Las Vegas: There was no problem understanding Sony’s message at its pre-CES (Consumer Electronics Show) press conference on Monday night, provided you knew what all the acronyms stood for.
Kuni Suzuki, president and CEO of Sony Mobile Communications, threw out every hot technology catchphrase in an effort to show consumers the company is still able to compete with its South Korean and Japanese competitors.
There was NFC, which stands of Near Field Communications, a type of wireless communication that allows two device to exchange data by touching them together.
There was HD (high definition) and 3D, last year’s technology by any standard, but still viable.
The winner, though, for the hottest new tech jargon of 2013 is “4K”, and Sony rolled that phrase out for every new television, projector and camera that it could. The jury is still out on the demand for 4K, which is a simple way of saying “four times the number of pixels as standard high-definition screens”, but Sony is betting it will help is sell large screens.
Suzuki announced two at the show, one with a 55-inch screen and the other with a 65-inch screen. An 84-inch model had been previously announced. Both of the new models are expected to be available around March 15.
The company also previewed a prototype 56-inch OLED screen, the world’s largest. OLED technology is expected to allow the company to make screens even bigger and lighter.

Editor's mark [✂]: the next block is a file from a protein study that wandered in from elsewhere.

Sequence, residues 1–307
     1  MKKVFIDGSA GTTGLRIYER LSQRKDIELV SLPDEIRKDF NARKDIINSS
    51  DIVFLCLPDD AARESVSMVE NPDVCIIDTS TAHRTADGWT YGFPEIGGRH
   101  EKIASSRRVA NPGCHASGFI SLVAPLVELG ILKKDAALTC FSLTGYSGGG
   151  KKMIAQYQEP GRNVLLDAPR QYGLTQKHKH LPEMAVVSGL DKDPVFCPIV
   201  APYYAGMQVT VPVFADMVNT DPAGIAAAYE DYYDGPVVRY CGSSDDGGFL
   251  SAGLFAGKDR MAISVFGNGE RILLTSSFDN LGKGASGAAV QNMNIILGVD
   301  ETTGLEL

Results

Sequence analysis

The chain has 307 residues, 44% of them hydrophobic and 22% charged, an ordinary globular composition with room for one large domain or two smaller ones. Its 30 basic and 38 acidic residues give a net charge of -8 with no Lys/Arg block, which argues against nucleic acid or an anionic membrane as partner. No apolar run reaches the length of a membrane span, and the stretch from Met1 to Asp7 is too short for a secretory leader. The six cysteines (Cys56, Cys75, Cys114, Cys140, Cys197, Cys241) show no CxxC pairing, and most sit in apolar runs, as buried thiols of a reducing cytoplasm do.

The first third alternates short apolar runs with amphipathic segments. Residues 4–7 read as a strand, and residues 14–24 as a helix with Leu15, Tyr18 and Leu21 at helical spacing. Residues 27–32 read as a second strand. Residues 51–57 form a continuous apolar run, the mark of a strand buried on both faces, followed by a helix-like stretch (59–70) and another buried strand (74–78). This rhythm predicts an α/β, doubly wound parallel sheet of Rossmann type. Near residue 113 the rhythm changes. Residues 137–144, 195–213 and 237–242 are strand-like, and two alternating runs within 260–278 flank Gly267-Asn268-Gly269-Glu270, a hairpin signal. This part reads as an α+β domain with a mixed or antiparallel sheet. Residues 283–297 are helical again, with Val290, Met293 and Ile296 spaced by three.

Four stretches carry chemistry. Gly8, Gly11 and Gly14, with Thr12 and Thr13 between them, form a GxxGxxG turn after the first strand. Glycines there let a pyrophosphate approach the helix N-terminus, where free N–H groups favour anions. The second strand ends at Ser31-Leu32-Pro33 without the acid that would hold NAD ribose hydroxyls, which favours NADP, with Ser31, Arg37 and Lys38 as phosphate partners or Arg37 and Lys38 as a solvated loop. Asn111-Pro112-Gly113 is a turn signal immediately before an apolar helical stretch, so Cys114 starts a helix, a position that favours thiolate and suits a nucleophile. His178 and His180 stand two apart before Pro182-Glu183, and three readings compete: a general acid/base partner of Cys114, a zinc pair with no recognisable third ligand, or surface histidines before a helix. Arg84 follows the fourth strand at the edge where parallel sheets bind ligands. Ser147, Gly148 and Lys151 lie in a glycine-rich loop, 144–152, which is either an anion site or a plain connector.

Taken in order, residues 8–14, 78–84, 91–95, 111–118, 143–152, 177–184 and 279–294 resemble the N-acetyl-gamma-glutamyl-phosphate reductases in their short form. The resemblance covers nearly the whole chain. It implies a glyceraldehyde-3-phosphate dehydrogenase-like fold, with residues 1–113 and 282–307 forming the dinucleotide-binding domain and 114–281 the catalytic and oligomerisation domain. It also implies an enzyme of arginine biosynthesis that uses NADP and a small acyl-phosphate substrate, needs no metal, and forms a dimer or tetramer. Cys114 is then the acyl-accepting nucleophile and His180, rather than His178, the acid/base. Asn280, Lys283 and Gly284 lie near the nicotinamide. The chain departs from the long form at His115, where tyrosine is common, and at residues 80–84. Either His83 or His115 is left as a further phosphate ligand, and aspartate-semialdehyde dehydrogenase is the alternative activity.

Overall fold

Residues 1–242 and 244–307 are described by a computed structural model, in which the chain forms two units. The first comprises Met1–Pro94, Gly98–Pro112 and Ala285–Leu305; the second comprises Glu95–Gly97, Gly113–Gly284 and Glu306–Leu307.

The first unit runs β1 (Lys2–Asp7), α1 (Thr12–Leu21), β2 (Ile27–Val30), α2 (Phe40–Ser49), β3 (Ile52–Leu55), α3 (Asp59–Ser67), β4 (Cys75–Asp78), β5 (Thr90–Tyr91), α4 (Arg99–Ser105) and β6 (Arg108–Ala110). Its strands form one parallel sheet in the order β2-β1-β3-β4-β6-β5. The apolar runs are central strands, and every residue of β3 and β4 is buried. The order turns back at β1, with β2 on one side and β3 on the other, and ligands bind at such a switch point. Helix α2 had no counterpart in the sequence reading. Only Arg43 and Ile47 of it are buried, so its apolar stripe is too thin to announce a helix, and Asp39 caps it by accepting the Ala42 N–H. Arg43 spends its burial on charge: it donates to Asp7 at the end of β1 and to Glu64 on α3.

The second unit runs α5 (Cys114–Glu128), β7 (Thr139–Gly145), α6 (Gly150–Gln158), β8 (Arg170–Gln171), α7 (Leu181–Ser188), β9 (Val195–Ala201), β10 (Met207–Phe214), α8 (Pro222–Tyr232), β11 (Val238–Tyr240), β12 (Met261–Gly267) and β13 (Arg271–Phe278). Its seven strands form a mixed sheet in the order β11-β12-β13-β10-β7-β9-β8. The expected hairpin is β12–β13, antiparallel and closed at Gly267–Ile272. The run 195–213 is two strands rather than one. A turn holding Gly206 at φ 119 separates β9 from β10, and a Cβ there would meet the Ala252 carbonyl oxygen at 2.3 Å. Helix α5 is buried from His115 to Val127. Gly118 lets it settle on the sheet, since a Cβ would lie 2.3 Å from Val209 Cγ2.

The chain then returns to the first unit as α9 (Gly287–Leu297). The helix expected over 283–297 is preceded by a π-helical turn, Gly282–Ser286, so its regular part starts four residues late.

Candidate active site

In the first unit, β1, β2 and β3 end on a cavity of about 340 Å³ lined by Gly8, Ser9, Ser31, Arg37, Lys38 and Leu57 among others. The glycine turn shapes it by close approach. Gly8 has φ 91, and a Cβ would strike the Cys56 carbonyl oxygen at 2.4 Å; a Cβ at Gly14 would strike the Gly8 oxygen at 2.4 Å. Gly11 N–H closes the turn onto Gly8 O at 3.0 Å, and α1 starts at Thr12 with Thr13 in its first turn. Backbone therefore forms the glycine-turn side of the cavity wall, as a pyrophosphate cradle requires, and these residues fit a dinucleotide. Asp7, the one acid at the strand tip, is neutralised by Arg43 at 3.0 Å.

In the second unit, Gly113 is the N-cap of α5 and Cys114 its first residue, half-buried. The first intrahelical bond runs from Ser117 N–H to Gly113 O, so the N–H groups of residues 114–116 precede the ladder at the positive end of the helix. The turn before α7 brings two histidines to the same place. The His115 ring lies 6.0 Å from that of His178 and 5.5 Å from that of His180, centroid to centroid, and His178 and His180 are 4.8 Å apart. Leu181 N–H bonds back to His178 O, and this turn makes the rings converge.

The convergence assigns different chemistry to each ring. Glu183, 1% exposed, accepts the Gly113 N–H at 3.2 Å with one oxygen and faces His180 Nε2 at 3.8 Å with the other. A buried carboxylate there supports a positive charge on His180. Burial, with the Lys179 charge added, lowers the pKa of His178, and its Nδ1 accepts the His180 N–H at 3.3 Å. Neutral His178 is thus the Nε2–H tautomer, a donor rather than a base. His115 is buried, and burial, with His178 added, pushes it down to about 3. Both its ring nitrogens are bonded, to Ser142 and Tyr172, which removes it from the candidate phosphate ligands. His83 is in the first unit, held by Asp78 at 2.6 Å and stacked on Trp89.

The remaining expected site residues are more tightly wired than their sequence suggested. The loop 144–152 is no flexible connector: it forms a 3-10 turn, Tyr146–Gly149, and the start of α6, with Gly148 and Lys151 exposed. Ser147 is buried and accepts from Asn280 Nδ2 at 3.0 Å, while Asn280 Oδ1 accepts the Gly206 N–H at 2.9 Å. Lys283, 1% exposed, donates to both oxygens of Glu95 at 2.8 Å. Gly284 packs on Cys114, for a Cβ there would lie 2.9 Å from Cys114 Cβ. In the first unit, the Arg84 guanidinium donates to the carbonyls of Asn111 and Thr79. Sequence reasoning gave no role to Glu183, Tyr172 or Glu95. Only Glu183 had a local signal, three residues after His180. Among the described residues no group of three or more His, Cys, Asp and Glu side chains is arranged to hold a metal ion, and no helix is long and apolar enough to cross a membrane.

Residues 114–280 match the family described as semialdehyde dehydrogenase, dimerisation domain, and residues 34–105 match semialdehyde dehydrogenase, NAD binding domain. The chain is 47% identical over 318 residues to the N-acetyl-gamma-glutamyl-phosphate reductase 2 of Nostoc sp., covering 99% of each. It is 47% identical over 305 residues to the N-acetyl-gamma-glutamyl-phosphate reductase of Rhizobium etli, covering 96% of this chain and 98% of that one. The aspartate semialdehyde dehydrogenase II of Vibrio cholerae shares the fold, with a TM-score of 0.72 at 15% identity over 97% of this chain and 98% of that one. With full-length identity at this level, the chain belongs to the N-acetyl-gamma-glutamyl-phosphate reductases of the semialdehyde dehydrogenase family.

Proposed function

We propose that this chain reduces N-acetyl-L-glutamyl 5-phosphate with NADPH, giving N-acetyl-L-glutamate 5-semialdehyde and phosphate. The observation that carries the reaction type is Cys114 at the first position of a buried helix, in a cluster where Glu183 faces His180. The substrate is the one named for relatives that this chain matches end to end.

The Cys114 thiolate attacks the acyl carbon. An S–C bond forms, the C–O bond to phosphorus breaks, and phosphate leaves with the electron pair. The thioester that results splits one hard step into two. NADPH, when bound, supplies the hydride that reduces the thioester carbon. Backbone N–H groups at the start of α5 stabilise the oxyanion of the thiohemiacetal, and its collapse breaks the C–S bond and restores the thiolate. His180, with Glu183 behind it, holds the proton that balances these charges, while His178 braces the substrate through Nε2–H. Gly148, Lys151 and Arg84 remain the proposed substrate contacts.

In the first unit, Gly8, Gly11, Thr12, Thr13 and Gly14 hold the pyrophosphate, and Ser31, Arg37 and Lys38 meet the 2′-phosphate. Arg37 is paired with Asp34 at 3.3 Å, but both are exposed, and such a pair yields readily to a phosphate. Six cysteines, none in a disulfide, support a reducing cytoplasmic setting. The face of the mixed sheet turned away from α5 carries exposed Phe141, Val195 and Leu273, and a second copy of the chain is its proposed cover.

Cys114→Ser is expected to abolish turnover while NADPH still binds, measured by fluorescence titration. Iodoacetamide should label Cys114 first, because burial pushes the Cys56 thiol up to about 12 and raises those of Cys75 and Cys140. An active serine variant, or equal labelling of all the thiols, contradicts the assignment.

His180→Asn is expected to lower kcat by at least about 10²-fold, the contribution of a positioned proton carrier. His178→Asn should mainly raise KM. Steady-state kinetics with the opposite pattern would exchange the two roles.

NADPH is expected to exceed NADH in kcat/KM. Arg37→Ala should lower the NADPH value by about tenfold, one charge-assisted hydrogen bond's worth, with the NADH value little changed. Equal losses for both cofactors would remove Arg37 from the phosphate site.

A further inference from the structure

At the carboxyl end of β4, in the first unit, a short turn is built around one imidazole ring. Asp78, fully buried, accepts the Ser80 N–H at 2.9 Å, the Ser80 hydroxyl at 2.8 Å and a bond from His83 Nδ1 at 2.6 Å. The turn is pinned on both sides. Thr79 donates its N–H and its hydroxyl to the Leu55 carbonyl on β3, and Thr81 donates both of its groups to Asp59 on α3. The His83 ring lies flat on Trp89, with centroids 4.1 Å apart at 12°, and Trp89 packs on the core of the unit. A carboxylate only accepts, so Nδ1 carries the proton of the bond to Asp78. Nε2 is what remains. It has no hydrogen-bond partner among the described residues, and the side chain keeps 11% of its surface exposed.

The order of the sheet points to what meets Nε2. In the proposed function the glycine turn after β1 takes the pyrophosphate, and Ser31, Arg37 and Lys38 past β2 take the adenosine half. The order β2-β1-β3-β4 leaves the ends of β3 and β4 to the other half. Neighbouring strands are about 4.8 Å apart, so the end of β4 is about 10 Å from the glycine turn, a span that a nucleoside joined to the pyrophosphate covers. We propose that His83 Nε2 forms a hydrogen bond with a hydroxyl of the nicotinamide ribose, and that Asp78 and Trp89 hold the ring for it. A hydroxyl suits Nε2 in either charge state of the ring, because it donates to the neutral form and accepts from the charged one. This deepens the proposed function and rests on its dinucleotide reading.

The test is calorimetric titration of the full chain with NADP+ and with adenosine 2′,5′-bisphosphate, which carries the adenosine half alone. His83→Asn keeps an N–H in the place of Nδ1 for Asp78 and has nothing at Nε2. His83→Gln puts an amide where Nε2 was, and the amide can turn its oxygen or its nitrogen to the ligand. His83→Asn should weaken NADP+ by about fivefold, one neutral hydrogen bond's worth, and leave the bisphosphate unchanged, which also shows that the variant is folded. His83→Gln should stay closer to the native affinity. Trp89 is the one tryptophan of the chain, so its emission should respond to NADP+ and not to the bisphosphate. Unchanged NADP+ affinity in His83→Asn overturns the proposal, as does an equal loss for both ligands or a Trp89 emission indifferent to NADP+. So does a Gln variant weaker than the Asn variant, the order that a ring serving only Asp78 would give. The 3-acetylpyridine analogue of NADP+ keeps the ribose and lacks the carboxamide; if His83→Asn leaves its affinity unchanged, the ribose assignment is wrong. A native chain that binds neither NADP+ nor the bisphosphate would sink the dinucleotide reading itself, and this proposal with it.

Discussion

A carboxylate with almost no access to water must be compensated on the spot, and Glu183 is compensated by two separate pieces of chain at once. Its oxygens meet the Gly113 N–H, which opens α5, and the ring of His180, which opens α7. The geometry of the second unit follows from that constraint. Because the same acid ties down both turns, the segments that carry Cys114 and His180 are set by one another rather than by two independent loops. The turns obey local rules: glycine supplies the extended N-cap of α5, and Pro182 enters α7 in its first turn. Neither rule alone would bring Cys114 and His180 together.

But high-resolution screens are just one half of the 4K trend. The other is 4K media, which Sony media is expected to start rolling out later this year. The company said it plans to take much of its existing catalogue of movies and convert them into a 4K format. According to Spyros Gousetis, director of marketing for Sony’s customer unit in the Middle East and Africa, the 4K media service will likely be launched in 10 major countries, starting with the US and including Japan and Australia. There is no date yet for when the 4K service might be available elsewhere.
The big product of the night for Sony was the launch of its Xperia Z and ZL smartphones, which Suzuki has attempted to label a super-phones. Again, the tech specs featured heavily in the companies promotions.
Izzat Kittaneh, director of business management and pricing for consumers units in the Middle East and Africa, said that showing consumer the Xperia Z has all the latest technology was the highest priority for Sony.
The devices will have a 13-megapixel camera, a quad-core processor (a Qualcomm’s Snapdragon chip), and a 5-inch, full HD screen. The phone will also come with a number of NFC features, which Sony is billing as its “One Touch” feature.
The phone will be rolled out globally starting in the first quarter of 2013.
Suzuki said the new technology “will make a landmark year for Sony”.